One Day at a Time in Al-Anon by Al-Anon Family GroupsAltho its been 30 years since I read this book it has helped me get thru many life problems. I was a Lone Member when I first read it. And, altho my alcoholic & I have since divorced, I find myself following the wisdom in my everyday life. I do have a friend who is an alcoholic, but in denial, & I am thankful that I can follow the Al-Anon principles. I no longer have my copy & have been thinking of getting another one as I am certain there are things Ive forgotten.
I would suggest that anyone who has a relative or friend, who drinks too much, to buy this book & read it.
Netflix Cancels 'One Day at a Time'
The composer of one of the best selling gospel songs of all time Marijohn. She lives in a condominium on Music Row. Just around the corner from her office which houses Buckhorn Music, named after her son. On a warm breezy southern afternoon, with dog Misty on her lap. Irish country star Gloria began to sing it and I will never ever forget the way people stood up, joined hands and sang along with her. She hadn't introduced me to the audience yet.
One of the many reasons I was looking forward to the return of One Day at a Time was to see how it would approach the subject of sexual harassment in This is where Penelope, Elena, and Syd Sheridan Pierce — yep, Sylena are still going strong and they are adorable — step in to break the cycle of machismo that continues to be passed down not just within male Latino culture, but everywhere else. It is worth mentioning that Alex also likely learned this behavior from own father, Victor , who has exhibited this form of toxic masculinity as well. Her philosophy? What does work is Penelope, Elena, and Syd sharing their own stories of sexual harassment, which forces Alex to reconsider his not-so-harmless antics.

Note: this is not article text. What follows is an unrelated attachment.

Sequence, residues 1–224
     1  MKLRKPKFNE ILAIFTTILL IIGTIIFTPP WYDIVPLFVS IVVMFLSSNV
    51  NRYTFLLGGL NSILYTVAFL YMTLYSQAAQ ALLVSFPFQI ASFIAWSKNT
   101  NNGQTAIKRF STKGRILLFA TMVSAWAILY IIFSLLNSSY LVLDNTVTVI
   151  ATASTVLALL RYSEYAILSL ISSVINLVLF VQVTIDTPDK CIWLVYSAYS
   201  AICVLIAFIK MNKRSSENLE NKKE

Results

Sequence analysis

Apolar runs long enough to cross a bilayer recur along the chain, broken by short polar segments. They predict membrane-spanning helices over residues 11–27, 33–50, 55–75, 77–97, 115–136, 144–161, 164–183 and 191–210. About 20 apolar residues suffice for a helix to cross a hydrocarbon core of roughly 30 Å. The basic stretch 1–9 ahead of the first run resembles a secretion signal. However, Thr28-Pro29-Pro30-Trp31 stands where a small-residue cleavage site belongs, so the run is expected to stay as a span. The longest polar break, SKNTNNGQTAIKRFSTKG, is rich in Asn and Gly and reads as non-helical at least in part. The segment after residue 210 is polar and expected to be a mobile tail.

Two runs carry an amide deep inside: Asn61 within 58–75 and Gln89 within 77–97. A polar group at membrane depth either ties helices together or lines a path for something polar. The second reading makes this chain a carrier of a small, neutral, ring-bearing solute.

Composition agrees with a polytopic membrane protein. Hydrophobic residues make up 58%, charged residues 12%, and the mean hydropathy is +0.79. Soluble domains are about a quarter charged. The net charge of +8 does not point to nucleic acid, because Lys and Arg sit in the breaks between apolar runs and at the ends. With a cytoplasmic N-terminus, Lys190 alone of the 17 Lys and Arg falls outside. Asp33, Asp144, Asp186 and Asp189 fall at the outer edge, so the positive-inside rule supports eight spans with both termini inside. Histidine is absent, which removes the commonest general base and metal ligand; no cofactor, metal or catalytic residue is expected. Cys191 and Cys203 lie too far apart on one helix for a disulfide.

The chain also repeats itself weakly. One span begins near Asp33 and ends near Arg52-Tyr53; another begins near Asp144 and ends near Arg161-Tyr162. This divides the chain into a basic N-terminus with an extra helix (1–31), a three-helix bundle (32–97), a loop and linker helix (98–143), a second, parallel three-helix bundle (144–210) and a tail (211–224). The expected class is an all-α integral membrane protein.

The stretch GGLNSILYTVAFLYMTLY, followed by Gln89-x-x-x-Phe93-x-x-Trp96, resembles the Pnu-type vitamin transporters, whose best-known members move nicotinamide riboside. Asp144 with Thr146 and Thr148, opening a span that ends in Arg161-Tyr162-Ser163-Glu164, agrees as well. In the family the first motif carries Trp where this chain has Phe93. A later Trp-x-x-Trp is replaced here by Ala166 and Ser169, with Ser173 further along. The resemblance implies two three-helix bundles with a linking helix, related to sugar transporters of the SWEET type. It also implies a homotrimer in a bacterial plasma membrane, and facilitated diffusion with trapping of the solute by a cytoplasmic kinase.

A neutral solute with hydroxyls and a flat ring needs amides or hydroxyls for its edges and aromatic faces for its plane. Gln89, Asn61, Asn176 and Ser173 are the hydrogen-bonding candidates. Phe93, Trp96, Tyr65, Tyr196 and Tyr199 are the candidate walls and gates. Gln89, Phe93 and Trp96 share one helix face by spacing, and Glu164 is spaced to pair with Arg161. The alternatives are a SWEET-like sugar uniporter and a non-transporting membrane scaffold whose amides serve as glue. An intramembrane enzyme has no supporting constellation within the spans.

Writer Susan Kemp explains how the two series are landmarks for Latinx representation
By Denise Petski. Truly, I am so honored that we got to tell our stories. Yes, it was a Latinx family, but it was universal story about family and love.
Pop-culture criticism in comes with a handful of recurring buzzwords: Representation. We use them so often they tend to lose their meaning — that is, until a movie, episode, or song comes around and hits us like a sucker punch. So, with that in mind, they were never going to feel truly revelatory or hit that sweet spot of something being funny because it feels so, so true. Instead, it came in the form of a little show called Vida, whose second season premiered this week. The story follows Emma Mishel Prada and Lyn Melissa Barrera Hernandez, two estranged-ish sisters who are reuniting in their hometown after the passing of their mother, Vida. Shit gets awkward fast. Apparently Vida, a staunch Catholic like any good Latina mama, apparently had a wife she forgot to mention.
The outpouring of love for this show is a firm reminder to us that we must continue finding ways to tell these stories. The streaming giant seemed to be emphasizing the importance of shows like One Day at a Time —which follows the adventures of a Cuban-American family, a typically underrepresented demographic on television—while simultaneously washing its hands of this particular series. But there is hope for the series yet. A source with knowledge of the situation confirmed the offer to Vanity Fair. Adopting One Day at a Time would make sense for CBS All Access for a number of reasons—particularly because the streaming platform appears to be distinguishing itself from its sister broadcast network by stocking up on shows with diverse casts. CBS has been repeatedly called out for the historic lack of diversity in its programming.